This month, EU Ambassador to Pakistan Riina Kionka said that “the crackdown on PTI and supporters in the aftermath of May 9th is certainly something that we’re paying a lot of attention to.” Khan and others who remain with PTI could be tried under military courts.


Dr. Riina Kionka, European Union's ambassador to Pakistan, in an interview with local media in Pakistan on 21 February 2023 said that Pakistan has been helping Ukraine in its protracted conflict with Russia by sending military and humanitarian aid.[24]

Riaz Haq said...

Ukrainian President Volodymyr Zelensky's decision to replace his defence chief has been seen primarily as an attempt to clean up corruption. But the appointment of Rustem Umerov, a Crimean Tatar and a Muslim, is a signal that Ukraine is serious about returning Crimea, which Russia annexed from Ukraine in 2014.

Speculations about the replacement of Oleksii Reznikov, Ukraine's defence minister since November 2021, have been rife for months.

While personally not accused of any wrongdoing, the man by President Zelensky's side since day one of the Russian full-scale invasion was seen as unable to stop corruption penetrating his ministry.

Military procurement scandals and accusations of bribery against officials at enlistment centres made him damaged goods in the eyes of Ukrainian society, currently in need of a morale boost in the wake of a slower than expected offensive.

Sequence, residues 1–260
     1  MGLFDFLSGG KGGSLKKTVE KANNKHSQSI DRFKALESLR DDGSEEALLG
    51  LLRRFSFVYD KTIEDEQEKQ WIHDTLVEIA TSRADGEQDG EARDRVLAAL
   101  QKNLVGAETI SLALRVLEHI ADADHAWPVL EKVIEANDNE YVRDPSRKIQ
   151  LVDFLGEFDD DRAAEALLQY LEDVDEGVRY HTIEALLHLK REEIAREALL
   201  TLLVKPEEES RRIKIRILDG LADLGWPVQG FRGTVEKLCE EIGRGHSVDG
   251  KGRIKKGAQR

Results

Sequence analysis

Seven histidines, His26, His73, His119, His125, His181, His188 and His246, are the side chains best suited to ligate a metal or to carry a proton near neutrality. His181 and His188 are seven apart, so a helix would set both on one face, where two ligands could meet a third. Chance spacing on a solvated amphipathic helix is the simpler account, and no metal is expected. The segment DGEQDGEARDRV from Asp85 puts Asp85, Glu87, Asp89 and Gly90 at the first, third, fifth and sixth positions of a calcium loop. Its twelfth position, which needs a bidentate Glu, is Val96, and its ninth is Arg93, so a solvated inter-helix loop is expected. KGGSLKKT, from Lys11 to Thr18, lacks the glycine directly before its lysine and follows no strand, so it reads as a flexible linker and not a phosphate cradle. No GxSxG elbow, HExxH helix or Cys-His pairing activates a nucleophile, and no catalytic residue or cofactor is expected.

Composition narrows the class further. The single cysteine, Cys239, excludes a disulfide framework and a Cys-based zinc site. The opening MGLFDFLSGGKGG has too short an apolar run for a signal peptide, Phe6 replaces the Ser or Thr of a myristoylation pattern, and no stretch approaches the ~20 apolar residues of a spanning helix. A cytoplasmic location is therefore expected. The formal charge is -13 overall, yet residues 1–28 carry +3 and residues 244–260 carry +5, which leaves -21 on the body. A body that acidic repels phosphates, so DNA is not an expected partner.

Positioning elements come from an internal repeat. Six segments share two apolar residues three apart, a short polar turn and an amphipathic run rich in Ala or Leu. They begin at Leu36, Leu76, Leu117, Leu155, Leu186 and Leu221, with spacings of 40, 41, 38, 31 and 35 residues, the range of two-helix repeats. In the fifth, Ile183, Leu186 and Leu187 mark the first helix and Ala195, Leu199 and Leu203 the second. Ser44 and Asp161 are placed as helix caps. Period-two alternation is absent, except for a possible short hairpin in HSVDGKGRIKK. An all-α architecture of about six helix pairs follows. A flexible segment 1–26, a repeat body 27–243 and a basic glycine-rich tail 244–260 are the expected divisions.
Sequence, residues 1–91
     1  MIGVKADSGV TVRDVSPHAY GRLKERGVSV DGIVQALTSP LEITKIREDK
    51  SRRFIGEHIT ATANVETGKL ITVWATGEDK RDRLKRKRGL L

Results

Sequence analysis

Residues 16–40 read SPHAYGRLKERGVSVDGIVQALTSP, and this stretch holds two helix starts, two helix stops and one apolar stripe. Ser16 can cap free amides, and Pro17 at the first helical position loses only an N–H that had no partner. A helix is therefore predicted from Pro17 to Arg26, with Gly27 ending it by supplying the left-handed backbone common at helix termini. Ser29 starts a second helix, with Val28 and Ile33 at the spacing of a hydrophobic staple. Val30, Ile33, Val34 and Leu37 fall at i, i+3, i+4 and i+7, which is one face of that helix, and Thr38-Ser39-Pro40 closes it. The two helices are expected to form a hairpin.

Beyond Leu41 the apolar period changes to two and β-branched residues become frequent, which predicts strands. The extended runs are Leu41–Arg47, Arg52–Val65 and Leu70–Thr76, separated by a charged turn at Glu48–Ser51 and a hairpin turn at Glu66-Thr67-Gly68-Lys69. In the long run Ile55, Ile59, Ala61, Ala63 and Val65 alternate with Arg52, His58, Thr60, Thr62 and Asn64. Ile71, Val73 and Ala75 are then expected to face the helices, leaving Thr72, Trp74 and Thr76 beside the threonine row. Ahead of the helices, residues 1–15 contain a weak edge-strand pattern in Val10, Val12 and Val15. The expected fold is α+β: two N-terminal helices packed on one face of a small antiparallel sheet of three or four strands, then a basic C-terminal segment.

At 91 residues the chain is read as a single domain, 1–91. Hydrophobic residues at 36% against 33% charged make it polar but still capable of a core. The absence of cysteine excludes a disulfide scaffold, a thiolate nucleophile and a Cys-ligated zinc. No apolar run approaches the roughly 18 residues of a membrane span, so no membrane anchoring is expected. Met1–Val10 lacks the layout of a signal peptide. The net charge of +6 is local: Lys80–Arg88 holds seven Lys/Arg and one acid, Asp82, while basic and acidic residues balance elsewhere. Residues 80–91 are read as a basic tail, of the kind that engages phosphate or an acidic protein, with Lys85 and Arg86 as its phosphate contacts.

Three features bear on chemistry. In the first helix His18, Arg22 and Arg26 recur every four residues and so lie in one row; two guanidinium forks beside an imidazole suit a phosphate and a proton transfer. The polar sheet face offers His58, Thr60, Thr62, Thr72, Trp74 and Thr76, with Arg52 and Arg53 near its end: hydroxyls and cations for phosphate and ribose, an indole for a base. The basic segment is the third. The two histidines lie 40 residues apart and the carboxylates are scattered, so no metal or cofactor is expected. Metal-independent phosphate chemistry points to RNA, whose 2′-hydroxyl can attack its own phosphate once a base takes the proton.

This is where Rustem Umerov comes in.

The 41-year-old is a government official who for the past year headed Ukraine's State Property Fund, but is best known for negotiating with Russia and for organising successful prisoner exchanges.

Not a complete unknown but not someone in the media spotlight either, he is a Crimean Tatar born in exile and an active member of this ethnic community, trying to reinstate its cultural identity and its place in the world.

Most importantly for Ukrainians, he has not been accused of corruption, embezzlement or profiteering.

Mr Umerov came into politics in 2019 when he ran for parliament with the reformist "Holos" party, which he later left to become a government official.

Before that he worked in the private sector, first in telecoms and later in investment.

In 2013, he founded a charity programme to help train Ukrainians at the prestigious Stanford University in the US.

But the defining part of his identity are his Crimean Tatar roots and the role they can play in Ukraine's firm intention to return Crimea.